The solution: Buy an on-the-go cutlery set. It’s worth spending the money on a quality kit, as a poorly made knife or fork that doesn’t do the job is enough to ruin a good lunch.

5.?Lunch Box/Food Container

Making your own food from scratch is better for your health, your budget and your zero-waste efforts. But let’s face it: not everyone has the time or the inclination to spend the weekend meal prepping.

Maybe going to your favorite deli for lunch is how you indulge in ‘me time.’ Perhaps enjoying a meal out with friends and family is your preferred way to socialize. I get it.

The solution: Get a lunch box/food container and ask the deli to serve your meal in there instead of their plastic takeout containers. And when you go out for dinner, guess where your leftovers go?

Using these five items will drastically reduce the amount of trash you create on a daily basis. If this is all you did, you’d make a significant difference to the environment. You could stop there and still feel really good about your zero-waste efforts.

If you want?take your mission?next level, though, you could switch up your beauty routine, shop at zero-waste stores and even try your hand at a little apartment composting.

The next thing you know you’ll have been living a zero-waste for a full year.

Photo Credit: Getty Images

Disclaimer: The views expressed above are solely those of the author and may not reflect those of Care2, Inc., its employees or advertisers.

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These Products Will Turn You into a Zero-Waste Superstar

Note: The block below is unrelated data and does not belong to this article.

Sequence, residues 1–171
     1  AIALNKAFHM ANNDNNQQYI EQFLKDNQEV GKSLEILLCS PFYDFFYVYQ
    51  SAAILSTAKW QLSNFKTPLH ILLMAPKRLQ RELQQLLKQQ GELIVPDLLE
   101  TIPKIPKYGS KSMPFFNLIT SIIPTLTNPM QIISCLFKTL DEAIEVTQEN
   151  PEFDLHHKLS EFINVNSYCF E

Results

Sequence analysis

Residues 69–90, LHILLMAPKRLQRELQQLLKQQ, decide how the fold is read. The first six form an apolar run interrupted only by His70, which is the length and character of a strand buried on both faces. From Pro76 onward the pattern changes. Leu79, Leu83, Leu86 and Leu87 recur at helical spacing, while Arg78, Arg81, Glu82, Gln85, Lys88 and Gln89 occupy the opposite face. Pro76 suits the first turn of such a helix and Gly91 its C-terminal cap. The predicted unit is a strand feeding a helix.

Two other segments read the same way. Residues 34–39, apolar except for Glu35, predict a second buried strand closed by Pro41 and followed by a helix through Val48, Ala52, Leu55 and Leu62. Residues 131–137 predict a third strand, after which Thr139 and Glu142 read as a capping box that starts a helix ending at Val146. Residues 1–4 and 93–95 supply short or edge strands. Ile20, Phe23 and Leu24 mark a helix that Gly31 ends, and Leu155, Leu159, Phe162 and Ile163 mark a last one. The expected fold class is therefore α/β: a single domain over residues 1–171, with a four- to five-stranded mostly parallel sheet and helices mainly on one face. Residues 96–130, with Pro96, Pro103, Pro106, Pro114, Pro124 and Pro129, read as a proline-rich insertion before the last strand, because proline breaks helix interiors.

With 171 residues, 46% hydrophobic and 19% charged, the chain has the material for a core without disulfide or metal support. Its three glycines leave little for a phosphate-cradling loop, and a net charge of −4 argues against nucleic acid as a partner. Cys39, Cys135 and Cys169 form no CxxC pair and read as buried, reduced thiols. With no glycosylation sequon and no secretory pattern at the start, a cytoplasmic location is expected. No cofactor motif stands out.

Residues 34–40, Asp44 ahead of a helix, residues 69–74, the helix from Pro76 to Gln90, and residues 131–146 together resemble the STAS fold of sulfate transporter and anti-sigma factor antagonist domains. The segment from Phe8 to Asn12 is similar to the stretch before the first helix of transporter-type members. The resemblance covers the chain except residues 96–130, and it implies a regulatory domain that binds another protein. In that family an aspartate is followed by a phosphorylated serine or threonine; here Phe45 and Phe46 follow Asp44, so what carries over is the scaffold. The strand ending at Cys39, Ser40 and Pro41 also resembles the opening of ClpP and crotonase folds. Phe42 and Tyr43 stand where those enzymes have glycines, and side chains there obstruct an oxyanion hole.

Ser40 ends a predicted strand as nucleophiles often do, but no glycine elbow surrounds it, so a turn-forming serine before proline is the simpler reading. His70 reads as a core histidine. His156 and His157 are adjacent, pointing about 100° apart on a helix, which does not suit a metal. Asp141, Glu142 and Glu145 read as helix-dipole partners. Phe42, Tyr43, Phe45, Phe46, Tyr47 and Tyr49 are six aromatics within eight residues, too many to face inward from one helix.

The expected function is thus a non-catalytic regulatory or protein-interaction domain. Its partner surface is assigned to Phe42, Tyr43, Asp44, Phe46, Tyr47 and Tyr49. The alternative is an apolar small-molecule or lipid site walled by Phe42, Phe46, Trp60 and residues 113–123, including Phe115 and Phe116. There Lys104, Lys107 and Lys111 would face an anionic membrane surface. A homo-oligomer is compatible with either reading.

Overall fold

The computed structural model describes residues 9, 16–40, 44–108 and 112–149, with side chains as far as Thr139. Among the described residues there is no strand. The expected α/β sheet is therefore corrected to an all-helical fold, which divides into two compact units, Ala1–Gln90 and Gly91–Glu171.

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The Physics of Life – Adrian Bejan


The Physics of Life

The Evolution of Everything

Adrian Bejan

Genre: Physics

Price: $14.99

Publish Date: May 24, 2016

Publisher: St. Martin’s Press

Seller: Macmillan

The Physics of Life explores the roots of the big question by examining the deepest urges and properties of living things, both animate and inanimate: how to live longer, with food, warmth, power, movement and free access to other people and surroundings. Bejan explores controversial and relevant issues such as sustainability, water and food supply, fuel, and economy, to critique the state in which the world understands positions of power and freedom. Breaking down concepts such as desire and power, sports health and culture, the state of economy, water and energy, politics and distribution, Bejan uses the language of physics to explain how each system works in order to clarify the meaning of evolution in its broadest scientific sense, moving the reader towards a better understanding of the world's systems and the natural evolution of cultural and political development. The Physics of Life argues that the evolution phenomenon is much broader and older than the evolutionary designs that constitute the biosphere, empowering readers with a new view of the globe and the future, revealing that the urge to have better ideas has the same physical effect as the urge to have better laws and better government. This is evolution explained loudly but also elegantly, forging a path that flows sustainability.